In many school districts in our state, they have done away with cursive writing instruction. But that doesn’t mean that writing cursive is not important. Through the act of writing, the brain is engaged in different ways. That is why you can write out your grocery list – and remember most of the things on it, even when you leave the list on the kitchen counter. (I know you’ve done it too!) Printing is not as effective with this brain-engaging connection (yes, I know there are science-y words to describe and explain all of this, but I like simple). Not only do I want my children to write cursive, they need to be able to read it, too. Letters from grandparents and other relatives are handwritten (that means cursive). Primary source documents used in history studies are often in cursive. Cursive is not out-dated or irrelevant, it is needed. So, what to use for students that want to be able to just do it and not spend months learning it? Or the family whose school is not teaching cursive? CursiveLogic Quick-Start Pack to the rescue! We received not only the bundle of workbook and webinar from CursiveLogic but also the new coloring book, The Art of Cursive. I thought we would just enjoy coloring the pages – but I was wrong.
I’ll admit, I didn’t really think we needed cursive curriculum. I mean, can’t they just pick it up from having a chart with cursive letters and practicing it via copywork? Maybe. One of my daughters did. But none of the rest of them were really getting it or writing smoothly. I was familiar with CursiveLogic from earlier reviews so was notified when their coloring book was available for pre-order. We really enjoy the resurgence of coloring and the beautiful books that are available now, so I ordered some. After our experience with the coloring book, I knew we wanted to use this curriculum!
When our books arrived, we subscribed to the webinar that is part of the Quick-Start Pack and sat down to watch. I am so glad I had my 10 year old daughter sit with me. Actually, I watched it before the books arrived so I was familiar with not only the video, but the process. By having my daughter watch with me, she was able to get started right away with the first lessons. She didn’t need to wait for me to fumble through the catch-phrase. The webinar really helped us to hit the ground running. And with an impatient and eager cursive-learner, that makes a difference.
One of my daughter’s favorite things about using CursiveLogic for learning cursive was how colorful it is. Now, the workbook is not full of colorful illustrations. The letters are grouped together based on their formation. Similarly written letters are learned together. The groups are called by their color and the style. But the multi-sensory aspect doesn’t end there. That catch-phrase is integral to the rhythm of writing the letter groups. You can probably tell from the above photos that one of those groups is orange, and its catch-phrase is over, back, trace (or something similar – see we really need that webinar to keep mama straight). My daughter started off tracing that form with her finger and saying the phrase. Then she moved to the letters that use this form. Not only did she learn many letters in a group, but she started with them connected together. This has been the most difficult part for the older siblings to get. In no time, she has been not just connecting these letter sets, or strings, but writing words.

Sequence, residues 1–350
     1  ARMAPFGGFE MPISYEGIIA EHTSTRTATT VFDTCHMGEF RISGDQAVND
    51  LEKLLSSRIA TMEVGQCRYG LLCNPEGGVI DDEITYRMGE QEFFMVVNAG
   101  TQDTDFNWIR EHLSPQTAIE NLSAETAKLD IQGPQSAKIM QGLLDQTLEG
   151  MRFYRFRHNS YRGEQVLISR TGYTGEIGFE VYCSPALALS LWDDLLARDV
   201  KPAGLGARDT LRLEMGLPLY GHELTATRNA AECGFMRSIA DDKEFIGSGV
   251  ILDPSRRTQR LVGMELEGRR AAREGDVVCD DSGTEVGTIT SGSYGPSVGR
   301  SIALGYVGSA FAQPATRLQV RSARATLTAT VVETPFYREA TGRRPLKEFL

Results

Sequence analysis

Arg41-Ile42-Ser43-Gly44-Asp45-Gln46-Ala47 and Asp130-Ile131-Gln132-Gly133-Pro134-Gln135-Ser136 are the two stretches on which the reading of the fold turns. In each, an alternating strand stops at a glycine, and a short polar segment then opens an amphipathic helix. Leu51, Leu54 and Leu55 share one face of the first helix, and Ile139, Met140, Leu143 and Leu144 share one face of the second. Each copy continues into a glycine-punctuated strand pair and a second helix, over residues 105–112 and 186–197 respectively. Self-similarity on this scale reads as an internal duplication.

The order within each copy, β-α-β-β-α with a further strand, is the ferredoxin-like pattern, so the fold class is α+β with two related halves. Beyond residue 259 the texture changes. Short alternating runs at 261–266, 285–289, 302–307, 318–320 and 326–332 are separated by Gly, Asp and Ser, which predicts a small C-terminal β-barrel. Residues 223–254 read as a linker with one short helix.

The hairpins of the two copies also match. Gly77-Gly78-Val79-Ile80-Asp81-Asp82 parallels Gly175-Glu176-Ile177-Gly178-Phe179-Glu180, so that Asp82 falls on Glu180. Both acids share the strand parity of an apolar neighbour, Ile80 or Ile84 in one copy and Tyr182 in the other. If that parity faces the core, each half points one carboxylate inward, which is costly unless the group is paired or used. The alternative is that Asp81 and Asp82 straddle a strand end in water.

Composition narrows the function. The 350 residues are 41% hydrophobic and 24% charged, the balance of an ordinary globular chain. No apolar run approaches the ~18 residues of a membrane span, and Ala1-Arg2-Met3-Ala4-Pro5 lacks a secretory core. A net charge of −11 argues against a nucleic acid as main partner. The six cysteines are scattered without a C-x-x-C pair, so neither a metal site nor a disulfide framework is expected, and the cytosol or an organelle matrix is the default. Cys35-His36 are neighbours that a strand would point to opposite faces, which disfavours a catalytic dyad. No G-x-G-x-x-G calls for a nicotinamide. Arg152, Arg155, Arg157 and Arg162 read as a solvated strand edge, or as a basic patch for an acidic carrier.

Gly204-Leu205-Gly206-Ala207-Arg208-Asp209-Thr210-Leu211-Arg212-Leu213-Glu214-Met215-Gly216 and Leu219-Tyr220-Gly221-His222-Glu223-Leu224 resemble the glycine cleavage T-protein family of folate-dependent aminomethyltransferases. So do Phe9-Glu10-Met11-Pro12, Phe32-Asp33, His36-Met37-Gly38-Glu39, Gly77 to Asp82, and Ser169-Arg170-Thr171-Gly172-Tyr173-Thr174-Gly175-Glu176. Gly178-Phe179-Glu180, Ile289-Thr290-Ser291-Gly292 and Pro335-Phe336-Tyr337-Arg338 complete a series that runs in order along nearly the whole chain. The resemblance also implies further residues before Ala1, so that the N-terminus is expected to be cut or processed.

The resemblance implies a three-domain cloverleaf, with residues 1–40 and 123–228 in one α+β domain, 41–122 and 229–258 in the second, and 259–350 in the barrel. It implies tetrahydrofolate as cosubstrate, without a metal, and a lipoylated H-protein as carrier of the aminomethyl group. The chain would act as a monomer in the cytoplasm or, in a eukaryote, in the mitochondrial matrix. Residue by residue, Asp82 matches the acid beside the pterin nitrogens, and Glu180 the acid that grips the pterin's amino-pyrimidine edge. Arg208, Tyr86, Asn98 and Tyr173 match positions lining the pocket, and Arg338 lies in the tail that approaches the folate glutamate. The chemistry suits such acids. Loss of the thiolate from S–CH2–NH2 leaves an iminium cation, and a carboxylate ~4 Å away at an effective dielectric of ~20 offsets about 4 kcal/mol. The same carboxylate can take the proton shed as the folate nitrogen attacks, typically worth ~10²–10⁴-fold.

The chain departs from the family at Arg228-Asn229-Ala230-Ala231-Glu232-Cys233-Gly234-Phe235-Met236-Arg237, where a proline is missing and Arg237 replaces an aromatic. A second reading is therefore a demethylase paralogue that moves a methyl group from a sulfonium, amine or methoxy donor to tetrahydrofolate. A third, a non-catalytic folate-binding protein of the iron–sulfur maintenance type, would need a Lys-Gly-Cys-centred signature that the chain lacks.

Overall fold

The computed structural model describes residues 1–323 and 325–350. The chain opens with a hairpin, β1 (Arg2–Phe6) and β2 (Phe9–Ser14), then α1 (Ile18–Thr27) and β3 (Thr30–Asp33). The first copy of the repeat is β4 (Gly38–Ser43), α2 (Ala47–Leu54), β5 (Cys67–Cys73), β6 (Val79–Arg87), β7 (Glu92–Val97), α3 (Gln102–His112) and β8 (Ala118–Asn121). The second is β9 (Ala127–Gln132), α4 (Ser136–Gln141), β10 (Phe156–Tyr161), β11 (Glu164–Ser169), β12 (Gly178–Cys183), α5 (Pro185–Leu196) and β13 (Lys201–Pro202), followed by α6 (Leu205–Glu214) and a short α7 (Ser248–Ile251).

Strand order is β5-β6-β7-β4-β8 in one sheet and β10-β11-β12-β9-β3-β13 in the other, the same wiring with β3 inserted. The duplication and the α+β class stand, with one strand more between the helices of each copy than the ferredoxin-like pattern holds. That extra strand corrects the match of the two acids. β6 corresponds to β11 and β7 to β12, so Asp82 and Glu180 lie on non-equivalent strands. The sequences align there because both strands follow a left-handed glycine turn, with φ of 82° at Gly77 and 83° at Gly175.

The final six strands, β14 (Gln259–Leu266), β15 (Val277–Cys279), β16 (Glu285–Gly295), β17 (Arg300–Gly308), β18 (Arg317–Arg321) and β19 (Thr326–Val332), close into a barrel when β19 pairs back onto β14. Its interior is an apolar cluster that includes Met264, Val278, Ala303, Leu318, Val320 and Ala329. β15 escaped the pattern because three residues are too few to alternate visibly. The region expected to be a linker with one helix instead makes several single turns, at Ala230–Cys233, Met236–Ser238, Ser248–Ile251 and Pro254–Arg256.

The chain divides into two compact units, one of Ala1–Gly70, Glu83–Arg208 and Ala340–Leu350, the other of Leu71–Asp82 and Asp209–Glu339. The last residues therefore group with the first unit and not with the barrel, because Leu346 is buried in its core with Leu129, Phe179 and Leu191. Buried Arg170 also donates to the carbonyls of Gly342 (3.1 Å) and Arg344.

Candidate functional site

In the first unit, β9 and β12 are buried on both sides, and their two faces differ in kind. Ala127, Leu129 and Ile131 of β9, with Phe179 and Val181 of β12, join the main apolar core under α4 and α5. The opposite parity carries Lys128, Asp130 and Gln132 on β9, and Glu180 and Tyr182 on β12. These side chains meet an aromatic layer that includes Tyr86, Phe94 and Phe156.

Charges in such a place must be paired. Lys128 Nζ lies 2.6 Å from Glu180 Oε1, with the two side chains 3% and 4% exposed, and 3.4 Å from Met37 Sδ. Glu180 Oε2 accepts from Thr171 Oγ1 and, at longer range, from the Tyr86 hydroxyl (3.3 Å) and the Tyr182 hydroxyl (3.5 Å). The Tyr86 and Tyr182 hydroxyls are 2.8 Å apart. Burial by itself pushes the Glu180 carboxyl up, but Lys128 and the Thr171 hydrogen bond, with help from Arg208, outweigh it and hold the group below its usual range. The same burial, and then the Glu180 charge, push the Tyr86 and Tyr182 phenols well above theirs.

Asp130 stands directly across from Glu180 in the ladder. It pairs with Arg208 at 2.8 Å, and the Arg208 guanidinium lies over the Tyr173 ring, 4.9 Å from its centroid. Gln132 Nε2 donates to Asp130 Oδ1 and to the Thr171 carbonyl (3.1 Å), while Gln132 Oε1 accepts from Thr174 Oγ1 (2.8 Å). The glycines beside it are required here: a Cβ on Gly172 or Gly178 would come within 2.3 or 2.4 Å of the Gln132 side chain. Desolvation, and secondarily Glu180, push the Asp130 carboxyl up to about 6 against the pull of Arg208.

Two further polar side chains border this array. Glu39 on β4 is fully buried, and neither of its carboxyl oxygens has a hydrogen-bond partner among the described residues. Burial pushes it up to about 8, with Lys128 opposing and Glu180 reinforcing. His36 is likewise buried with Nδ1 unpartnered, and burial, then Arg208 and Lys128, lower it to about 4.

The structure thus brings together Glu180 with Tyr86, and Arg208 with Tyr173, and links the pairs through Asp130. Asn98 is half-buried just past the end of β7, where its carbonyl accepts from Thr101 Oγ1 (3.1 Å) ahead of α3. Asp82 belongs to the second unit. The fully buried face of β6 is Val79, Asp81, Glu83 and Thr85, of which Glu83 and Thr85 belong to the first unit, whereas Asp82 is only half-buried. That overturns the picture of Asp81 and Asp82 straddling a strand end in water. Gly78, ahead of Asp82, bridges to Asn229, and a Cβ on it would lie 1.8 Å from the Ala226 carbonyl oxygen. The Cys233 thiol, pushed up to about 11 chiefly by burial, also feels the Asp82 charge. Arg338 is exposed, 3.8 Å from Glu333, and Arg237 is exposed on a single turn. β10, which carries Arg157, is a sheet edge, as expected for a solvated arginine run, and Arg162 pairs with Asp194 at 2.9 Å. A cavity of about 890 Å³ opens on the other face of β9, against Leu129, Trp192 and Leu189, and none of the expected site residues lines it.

Lowercase is covered first, then the upper case is introduced. We have had to slow down a bit for the upper case. These letters are not as smooth as the lower case. The rhythm and muscle-memory are helping her to keep her writing smooth – even when those capital letters throw her for a loop (pun intended).
As I mentioned, our older girls have had some difficulty with writing smoothly when writing in cursive. They, of course, are a little prickly when someone points this out. The Art of Cursive coloring book is a subtle way to have them practice the smooth strokes of proper connections. They have also been hanging around while I work with their younger sister so have picked up the catch-phrases, too. This is really helping them to develop a good flow to their handwriting. Not only are the pictures pretty to color, they incorporate different strokes and letters into the designs and images. There are also quotes and phrases to copy as well. The paper is a nice weight, with printing on both sides. One side is the image while the other has copywork. We’ve been only using colored pencils in our coloring books (you will want one for each colorer – none of us want to share). It just feels nice to use the colored pencils on the paper (something that is missed when we use felt pens or markers).
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